While attending Harvard University Graduate School she met her husband, Stuart Marshall Bloch, who was a student at the law school. They will celebrate their 50th anniversary in 2018.

In 1971, her hunt for a more meaningful job, going office to office on Capitol Hill, paid off and, aged 29, she was made a professional Staff Member on the Senate Select Committee on Nutrition and Human Needs. In this role, she handled both domestic and international issues. She represented the U.S. at the UN World Conference on Women, which was held in Mexico in 1975. In 1976, she became the Committee’s Chief Minority Counsel.

Julia was appointed Deputy Director of the Office of African Affairs of the U.S. Information Agency in 1977 where she worked until 1980. During her time there she was awarded the Hubert Humphrey Award for International Service by the U.S. Mission to the United Nations and the Peace Corps.

In 1980, Julia was invited to take a Fellowship by the Institute of Politics at Harvard University’s Kennedy School of Government, an honor usually reserved for prominent politicians. She spent a semester there running a Study Group on American Foreign Policy and Domestic Politics before joining the U.S. Agency for International Development as a Special Assistant and then, a number of months later, being appointed Assistant Administrator of its Food for Peace and Voluntary Assistance Bureau by the President of the United States. In that role, Julia administered the world’s largest food aid program serving 80 countries with a budget in excess of 2 billion dollars.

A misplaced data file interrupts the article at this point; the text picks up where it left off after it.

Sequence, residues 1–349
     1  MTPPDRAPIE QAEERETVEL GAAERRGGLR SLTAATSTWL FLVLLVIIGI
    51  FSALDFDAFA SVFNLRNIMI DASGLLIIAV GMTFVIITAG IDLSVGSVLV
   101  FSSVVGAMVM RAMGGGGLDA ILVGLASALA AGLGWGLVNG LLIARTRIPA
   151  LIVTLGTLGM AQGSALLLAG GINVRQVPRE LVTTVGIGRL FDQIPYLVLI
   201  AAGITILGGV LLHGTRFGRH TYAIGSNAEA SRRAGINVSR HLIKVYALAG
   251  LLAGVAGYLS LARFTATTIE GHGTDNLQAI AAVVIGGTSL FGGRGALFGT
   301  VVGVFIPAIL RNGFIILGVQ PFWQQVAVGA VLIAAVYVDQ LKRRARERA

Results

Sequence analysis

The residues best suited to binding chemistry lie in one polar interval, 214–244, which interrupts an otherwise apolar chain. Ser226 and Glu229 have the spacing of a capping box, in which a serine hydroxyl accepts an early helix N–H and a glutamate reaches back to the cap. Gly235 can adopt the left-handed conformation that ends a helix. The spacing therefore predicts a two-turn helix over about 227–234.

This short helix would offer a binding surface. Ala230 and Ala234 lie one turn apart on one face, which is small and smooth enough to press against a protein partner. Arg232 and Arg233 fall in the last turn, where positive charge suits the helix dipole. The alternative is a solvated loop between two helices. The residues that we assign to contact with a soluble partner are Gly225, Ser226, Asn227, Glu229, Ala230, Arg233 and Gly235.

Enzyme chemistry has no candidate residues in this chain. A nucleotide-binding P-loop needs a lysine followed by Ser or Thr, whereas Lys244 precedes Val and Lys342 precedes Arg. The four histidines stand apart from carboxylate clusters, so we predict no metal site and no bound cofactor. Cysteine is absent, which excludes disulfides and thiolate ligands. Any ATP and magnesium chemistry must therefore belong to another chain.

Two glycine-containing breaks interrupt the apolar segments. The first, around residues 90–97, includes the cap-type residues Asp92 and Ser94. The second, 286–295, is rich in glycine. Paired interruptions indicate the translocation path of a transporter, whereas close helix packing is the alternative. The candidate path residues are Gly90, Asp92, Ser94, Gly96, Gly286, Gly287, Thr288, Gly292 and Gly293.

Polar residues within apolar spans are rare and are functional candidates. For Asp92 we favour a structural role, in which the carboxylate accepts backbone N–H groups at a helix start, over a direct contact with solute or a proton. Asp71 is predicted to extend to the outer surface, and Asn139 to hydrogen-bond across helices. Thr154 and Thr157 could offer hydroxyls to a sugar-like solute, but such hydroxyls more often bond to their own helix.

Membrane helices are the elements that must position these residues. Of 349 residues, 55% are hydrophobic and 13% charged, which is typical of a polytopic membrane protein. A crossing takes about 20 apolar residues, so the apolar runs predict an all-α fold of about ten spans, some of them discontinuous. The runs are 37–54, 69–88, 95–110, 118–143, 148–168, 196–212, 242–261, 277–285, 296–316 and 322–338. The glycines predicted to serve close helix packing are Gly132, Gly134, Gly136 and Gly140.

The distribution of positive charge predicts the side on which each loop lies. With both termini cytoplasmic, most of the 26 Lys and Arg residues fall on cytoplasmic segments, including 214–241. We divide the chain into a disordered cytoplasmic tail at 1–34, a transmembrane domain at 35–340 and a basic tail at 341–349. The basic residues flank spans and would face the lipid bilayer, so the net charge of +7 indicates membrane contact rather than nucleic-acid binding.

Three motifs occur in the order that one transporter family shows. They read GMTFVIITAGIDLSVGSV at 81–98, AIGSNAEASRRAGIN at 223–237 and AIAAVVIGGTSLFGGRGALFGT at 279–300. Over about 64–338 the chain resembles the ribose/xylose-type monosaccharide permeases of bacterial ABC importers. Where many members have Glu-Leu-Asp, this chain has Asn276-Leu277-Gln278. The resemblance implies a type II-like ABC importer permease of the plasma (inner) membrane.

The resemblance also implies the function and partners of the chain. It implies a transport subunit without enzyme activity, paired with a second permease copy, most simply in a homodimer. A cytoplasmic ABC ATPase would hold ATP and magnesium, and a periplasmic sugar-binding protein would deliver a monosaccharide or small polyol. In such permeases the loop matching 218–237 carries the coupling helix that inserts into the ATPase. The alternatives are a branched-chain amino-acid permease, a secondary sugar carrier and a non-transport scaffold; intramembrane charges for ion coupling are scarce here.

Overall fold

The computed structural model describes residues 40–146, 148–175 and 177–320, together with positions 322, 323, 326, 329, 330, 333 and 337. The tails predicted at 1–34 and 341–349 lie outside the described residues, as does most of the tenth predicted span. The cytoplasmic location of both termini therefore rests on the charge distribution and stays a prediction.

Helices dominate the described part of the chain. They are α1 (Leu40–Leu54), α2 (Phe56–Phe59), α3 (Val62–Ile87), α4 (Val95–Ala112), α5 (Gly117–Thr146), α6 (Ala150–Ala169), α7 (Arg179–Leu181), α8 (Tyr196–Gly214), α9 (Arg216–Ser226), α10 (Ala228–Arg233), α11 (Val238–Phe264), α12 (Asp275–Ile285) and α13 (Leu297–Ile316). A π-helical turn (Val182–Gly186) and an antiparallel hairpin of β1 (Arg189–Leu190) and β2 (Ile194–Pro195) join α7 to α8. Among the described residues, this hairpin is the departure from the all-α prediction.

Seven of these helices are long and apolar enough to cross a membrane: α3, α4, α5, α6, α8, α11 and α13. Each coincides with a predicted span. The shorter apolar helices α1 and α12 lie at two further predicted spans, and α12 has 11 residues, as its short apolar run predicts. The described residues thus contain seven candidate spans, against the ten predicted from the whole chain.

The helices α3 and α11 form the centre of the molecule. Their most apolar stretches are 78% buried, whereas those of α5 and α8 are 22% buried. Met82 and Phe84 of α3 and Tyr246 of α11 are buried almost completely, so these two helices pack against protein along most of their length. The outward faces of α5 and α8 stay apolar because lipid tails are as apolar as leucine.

In 1986, Julia was awarded an Honorary Doctorate of Humane Letters from Northeastern University (Boston, Massachusetts). The following year, the Organization of Chinese American Women named her “Woman of the Year” and she also received the “Leader for Peace” Award from the Peace Corps as well as the Agency for International Development’s “Humanitarian Service Award”.